Going to Costco alone just isn’t the same. Reading Angela’s Ashes in a camping chair in the book section isn’t the same. Sitting in a bean-bag chair you will never purchase feels sad. Walking up to the sample lady by yourself, without a tiny critic to judge the sun-dried-tomato penne pasta, is just depressing. You know what isn’t depressing, though? Evan’s super-fun happy time at church. The people are friendly. He gets crackers and grape juice. There’s even a nice story about a man named Noah, a great flood, and his highly impractical solution of building a boat to contain two of each animal to save them from drowning. Evan really liked church for all of these reasons, and so he’s going back.
It’s another casual Saturday night in the Huang household. Emery and Eddie are attempting to beat that brick of healthy cereal into submission, one painful bite at a time. Louis is gargling red wine. And Evan’s praying. Her youngest son’s newfound passion for Christ scares Jessica — after all, she didn’t grow up religious. With the very specific myopia created by a mother’s love, she doesn’t understand what Evan sees in it. Louis reminds her to let Evan explore and figure things out on his own. Jessica’s response to this sage advice? She locks herself in the pantry and pretends to be the voice of God while Evan prays over his breakfast. “Don’t go to church anymore,” she intones through a voice-changer megaphone purchased at Costco for 80 percent off, in an attempt to put the fear of God in her child to, uh, not pay attention to God.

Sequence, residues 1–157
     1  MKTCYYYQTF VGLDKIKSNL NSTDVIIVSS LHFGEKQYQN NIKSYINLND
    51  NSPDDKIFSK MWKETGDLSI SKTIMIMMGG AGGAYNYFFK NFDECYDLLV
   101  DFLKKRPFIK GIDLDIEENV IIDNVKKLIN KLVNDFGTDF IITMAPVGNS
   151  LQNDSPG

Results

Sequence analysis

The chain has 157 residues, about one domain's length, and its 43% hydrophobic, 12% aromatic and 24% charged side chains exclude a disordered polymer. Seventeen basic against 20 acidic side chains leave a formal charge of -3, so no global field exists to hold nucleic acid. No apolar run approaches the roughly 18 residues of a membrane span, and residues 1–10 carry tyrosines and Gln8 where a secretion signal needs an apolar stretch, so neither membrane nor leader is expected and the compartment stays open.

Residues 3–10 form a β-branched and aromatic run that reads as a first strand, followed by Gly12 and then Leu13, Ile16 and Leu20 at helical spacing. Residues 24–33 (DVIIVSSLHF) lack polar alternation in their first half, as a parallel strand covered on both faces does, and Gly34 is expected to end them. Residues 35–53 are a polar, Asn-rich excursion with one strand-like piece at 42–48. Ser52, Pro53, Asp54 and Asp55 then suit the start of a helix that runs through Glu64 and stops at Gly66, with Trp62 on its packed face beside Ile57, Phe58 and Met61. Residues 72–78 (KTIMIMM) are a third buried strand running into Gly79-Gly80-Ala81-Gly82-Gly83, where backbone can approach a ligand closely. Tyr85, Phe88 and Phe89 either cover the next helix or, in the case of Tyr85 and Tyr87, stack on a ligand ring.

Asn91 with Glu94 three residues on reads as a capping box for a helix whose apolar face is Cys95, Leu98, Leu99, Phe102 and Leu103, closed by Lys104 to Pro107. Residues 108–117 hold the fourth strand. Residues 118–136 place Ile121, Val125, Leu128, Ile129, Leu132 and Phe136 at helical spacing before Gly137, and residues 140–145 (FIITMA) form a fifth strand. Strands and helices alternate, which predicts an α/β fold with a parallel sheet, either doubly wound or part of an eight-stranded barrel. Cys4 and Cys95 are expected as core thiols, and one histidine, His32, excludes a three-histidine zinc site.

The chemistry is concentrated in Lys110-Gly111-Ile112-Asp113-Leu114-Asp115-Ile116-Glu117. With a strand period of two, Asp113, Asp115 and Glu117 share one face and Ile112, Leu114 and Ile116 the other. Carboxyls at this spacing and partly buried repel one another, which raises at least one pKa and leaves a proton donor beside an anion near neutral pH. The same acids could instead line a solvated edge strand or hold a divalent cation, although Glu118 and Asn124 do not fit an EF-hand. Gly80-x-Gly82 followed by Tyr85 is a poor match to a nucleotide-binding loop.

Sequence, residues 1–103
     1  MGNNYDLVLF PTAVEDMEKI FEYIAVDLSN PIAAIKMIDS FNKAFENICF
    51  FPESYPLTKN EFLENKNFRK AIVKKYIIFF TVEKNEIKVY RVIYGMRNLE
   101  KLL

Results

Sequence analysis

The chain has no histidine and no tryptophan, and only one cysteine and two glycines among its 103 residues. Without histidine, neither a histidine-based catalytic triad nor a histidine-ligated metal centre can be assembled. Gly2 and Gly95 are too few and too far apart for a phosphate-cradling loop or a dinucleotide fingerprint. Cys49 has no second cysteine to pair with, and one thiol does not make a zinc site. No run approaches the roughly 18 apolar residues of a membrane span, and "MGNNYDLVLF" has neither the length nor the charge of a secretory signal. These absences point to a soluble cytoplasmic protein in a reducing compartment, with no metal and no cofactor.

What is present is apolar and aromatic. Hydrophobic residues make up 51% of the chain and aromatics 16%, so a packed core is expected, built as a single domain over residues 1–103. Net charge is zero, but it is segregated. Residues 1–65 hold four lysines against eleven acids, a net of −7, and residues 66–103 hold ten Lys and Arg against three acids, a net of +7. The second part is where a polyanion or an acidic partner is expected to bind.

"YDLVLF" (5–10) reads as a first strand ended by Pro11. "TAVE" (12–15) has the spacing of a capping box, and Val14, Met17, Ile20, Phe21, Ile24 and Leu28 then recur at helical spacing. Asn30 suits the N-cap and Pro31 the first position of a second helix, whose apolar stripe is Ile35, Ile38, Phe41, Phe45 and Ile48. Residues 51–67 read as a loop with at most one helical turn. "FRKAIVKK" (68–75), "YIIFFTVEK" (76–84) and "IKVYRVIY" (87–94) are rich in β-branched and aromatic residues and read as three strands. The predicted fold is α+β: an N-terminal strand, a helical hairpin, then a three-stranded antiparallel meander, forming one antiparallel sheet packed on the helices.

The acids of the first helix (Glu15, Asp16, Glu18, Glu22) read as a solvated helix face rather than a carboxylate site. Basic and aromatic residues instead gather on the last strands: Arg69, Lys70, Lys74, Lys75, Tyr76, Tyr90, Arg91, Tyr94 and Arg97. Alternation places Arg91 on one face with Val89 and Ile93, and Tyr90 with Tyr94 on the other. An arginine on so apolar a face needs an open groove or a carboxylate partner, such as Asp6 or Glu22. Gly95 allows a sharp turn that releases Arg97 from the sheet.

Does this work? Of course not. Evan’s disappointment stings more than anything else and before Jessica and Louis have the time to get into an argument about her God complex, Eddie cracks his tooth on the cereal brick. Lucky for them, there’s a dentist in the family! Marvin is kind enough to take time from his busy schedule of recommending toothpastes with a group of five other dentists (“Four out of five dentists recommend …”) to fix Eddie’s mouth. Oh, and he apologizes to Louis for making his mouth look like a florescent nightmare. One Christian side hug later, they’re good to go.
Back at Costco, Jessica is alone, talking to Marie the sample lady in the salsa/cracker aisle. With the space between the pallet of Ritz crackers and the flat of salsa serving as a de facto confession booth, Jessica tells Marie that she’s afraid she lost her son to religion and will never get him back. Jessica hasn’t taken the time to ask Evan why he likes what he likes. (It’s that love myopia kicking in again.) Basically, church is like Costco: good people, community, values, and snacks. Costco is her church, and Evan’s is regular church. “The only thing that matters to me is that we spend Sundays together,” she tells her youngest. That’s good enough for him and good enough for me.
+ 1,000 Kirkland-brand athletic socks for Jessica’s uncanny knack for sniffing out wasted food. Growing up, I was convinced my mother had planted spies at school who told her when I threw out the orange she gave me in my lunch bag. I’m still not entirely convinced she didn’t.
+ one Costco hot dog with extra relish for the brief but excellent shot of the pantry, full of mysterious red tins and sauces and bags of musty dried things that look like snacks but are actually so many vacuum-sealed packs of woodear mushrooms.